Providing multiple options for engagement is the only way to attract
all students attention and engage them in the learning process. Classroom Community
Building. A welcoming and accepting classroom is
key to the successful creation an inclusive learning environment.
Maslow’s Hierarchy of Needs states that both psychological and
safety needs must be met before person can address their needs related to
social acceptance and a sense of belonging. However many
believe that a student’s social and belonging needs must first be addressed and that self esteem comes from a sense of
belonging. Many schools push students to achieve so they can belong instead of helping students feel
belonging before asking them to achieve. Creating that classroom community
environment can help students feel accepted and appreciated and provides a great background for
collaboration, understanding, and academic success. It can be very simple to
create a classroom community. At the beginning of the school year
students can participate in ice breaker games and “get to know you” activities so they can learn about each other and
begin to see their commonalities and understand their differences.
Students can also participate in team work skill building activities so that they are better able to see and
apply each other’s strengths and create group many experiences. Even
these simple activities can help to build a strong classroom community in which individuals are accepted and
appreciated. Response to Intervention or RTI is another inclusion model. Instead
of the way to fail model that waits until students show signs of
failure before intervening. RTI is a multi-tiered approach that
identifies a student’s support needs early in their academic career. The
multi-tiered approach is used to efficiently differentiate
instruction for students by offering increasing intensities and instruction
and offering specific research-based interventions to match student needs. The first, or bottom tier of the RTI triangle is where all students receive high quality,
scientifically based instruction provided by qualified personnel to
ensure that their difficulties are not due to inadequate instruction. Students not showing adequate progress
under Tier 1 instruction are moved up to Tier 2. In Tier 2, students are provided with increasingly
intensive instruction matched to their needs on the basis of
levels of performance and rates progress. This instruction often takes place in a
small group setting. If a student isn’t showing adequate
progress through Tier 2 instruction, they are then considered for the more
intensive instruction in Tier 3. Students receiving Tier 3 instruction
participate in individualized intensive instruction
interventions that target the student’s skill deficit. if a student isn’t showing adequate
progress in Tier 3 instruction they can be evaluated and considered for
special education services. It is important to remember that a
student’s placement any of the three tiers of instruction is not
fixed. For example, if a student receiving Tier 3
instruction begin showing progress with fewer supports they can move back into Tier 2 or even
Tier 1 instruction. Natural proportion is important to keep
in mind in inclusive classroom. Natural proportion ensures that the
percentage of students with special needs in any particular class does not significantly exceed the
percentage in the school as a whole. This ratio should also be similar to
that of the population in the community in which the school is located. If too many students with disabilities
are placed together, or clustered, the range of needs will make the class
difficult to teach and many the benefits of inclusive education, such as peer models and high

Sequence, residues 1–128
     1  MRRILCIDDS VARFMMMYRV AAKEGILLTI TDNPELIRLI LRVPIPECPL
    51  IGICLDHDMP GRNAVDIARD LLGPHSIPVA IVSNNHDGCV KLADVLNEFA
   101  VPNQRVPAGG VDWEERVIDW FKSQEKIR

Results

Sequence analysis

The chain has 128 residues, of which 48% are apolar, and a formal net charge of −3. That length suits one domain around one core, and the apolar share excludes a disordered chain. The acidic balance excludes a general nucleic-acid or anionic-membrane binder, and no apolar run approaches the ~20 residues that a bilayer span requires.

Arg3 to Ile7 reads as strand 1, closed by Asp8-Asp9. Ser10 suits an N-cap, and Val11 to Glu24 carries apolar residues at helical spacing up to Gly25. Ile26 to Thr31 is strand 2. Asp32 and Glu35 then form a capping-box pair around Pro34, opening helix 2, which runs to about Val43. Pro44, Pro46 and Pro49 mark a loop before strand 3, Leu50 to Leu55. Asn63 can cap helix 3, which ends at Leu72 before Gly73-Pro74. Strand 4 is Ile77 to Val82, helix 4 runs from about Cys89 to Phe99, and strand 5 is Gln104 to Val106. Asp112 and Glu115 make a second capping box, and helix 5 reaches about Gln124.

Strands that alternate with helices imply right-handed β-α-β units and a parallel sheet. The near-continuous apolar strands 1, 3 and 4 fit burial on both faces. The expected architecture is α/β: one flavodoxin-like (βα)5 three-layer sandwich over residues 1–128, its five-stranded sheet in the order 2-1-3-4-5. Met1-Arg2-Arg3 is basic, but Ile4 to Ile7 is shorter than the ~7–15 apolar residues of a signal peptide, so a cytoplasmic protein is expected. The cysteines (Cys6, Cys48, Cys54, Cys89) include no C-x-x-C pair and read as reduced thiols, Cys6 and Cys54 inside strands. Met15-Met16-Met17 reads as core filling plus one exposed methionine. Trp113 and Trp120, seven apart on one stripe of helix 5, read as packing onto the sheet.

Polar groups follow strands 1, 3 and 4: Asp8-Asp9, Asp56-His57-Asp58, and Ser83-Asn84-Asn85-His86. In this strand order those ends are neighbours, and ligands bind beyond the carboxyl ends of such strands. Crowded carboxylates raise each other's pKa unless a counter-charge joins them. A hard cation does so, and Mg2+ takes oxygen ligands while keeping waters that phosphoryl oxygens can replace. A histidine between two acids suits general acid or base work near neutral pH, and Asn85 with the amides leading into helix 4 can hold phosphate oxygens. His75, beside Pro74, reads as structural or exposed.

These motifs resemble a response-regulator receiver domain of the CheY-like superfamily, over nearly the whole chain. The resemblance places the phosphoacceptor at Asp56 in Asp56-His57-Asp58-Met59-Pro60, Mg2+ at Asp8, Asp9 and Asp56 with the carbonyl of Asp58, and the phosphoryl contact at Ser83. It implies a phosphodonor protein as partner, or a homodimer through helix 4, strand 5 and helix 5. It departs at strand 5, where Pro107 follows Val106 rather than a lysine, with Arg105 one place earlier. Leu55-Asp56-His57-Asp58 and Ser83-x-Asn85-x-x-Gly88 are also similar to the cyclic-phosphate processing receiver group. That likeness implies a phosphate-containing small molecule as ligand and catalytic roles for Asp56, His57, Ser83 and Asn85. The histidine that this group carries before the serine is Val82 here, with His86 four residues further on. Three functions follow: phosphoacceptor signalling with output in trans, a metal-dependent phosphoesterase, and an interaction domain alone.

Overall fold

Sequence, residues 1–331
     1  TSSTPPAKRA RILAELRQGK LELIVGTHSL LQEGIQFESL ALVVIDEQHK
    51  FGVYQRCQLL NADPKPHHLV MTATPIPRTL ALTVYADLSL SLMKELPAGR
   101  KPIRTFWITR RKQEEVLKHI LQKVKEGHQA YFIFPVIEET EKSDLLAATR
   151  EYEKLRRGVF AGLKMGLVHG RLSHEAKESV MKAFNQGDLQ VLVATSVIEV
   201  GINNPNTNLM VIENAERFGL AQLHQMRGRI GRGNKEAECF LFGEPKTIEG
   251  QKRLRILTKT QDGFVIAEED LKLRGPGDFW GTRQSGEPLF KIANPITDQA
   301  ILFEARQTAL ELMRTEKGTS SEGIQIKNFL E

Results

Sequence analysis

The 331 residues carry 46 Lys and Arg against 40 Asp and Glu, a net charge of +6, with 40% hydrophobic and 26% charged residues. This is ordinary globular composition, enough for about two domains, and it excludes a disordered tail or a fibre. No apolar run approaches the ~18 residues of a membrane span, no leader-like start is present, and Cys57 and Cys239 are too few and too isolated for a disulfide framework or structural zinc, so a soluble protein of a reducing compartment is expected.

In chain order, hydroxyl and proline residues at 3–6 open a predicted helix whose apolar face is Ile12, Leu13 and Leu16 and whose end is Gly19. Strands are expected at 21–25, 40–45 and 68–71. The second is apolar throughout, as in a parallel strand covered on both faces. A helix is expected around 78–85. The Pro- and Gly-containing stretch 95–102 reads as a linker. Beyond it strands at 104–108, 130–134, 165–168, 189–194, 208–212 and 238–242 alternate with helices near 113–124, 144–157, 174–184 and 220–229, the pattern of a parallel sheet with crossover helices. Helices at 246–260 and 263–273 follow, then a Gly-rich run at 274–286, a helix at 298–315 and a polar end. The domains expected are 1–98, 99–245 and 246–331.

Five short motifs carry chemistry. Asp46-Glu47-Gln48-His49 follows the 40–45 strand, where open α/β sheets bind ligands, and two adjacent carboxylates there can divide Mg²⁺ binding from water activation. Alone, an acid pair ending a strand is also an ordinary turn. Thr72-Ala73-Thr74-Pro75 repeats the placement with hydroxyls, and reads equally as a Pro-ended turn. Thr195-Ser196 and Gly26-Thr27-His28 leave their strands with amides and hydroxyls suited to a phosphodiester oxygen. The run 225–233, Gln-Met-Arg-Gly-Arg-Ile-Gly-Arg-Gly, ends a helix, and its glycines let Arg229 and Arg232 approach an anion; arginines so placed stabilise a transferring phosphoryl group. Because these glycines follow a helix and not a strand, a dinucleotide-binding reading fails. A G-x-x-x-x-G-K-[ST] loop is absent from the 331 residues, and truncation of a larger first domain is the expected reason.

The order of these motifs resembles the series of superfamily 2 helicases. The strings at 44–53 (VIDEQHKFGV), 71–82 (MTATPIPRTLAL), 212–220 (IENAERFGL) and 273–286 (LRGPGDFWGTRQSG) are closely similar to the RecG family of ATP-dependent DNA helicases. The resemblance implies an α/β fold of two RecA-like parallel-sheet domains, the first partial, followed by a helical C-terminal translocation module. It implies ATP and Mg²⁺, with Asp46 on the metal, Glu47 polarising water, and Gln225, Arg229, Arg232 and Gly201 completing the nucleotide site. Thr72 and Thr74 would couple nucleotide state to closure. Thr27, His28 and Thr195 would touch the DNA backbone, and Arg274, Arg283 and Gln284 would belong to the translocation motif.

expectations will be lost. when children with severe disabilities are
clustered in the classroom, they’re often put in a separate part
the classroom with an aide or paraprofessional which eliminates opportunities for them
have meaningful interaction with their classmates. A quick-start guide for inclusion in
your classroom. Use the following 8 tips to start
implementing inclusion in your classroom. 1. Practice person first
language. 2. Avoid terms a project and
unnecessarily negative connotation, like deformed, poor unfortunate, or victim. 3. Make
supports and assistive technology available to all students, not just students with disabilities. This
will lessen the isolation an individual using supports can feel
and help all students be successful learners. 4. Think of barriers to learning and try to come up with alternatives to
eliminate those barriers. 5. Have students work
collaboratively. This can be done in a variety of ways.
You can have students work in a buddy system which helps build relationships and
increases community interaction for all students. You could also develop a school-based
peer mentoring program. In a peer mentoring program, the
relationship between the mentor and mentee gives the mentee a sense of being connected
to the larger community where they may otherwise feel lost. Group
projects are another great way to get students to work collaboratively. However, in group projects it’s important
to emphasize equal input and rolls for all members of the group to ensure relevant participation by all
members and equal opportunities for expression. 6. Hold all students to high
expectations. You want to push them to achieve to
their highest abilities. Even if you have to reduce the workload
for some students, you can still hold high expectations for
them. 7. Provide a variety of ways for students
to express themselves and their knowledge. students work harder when they have some
choice in what they’re doing. 8. Develop lessons with children on both
the high-end and low-end of academic abilities in mind. Don’t build the
lesson thinking only of the middle. This helps to give all children
opportunities to learn to their highest ability. We hope this video will help you
implement inclusion into your classroom. The resources listed are helpful if you
have any questions along the way. With careful thought and consideration
all children can learn together in your classroom and school!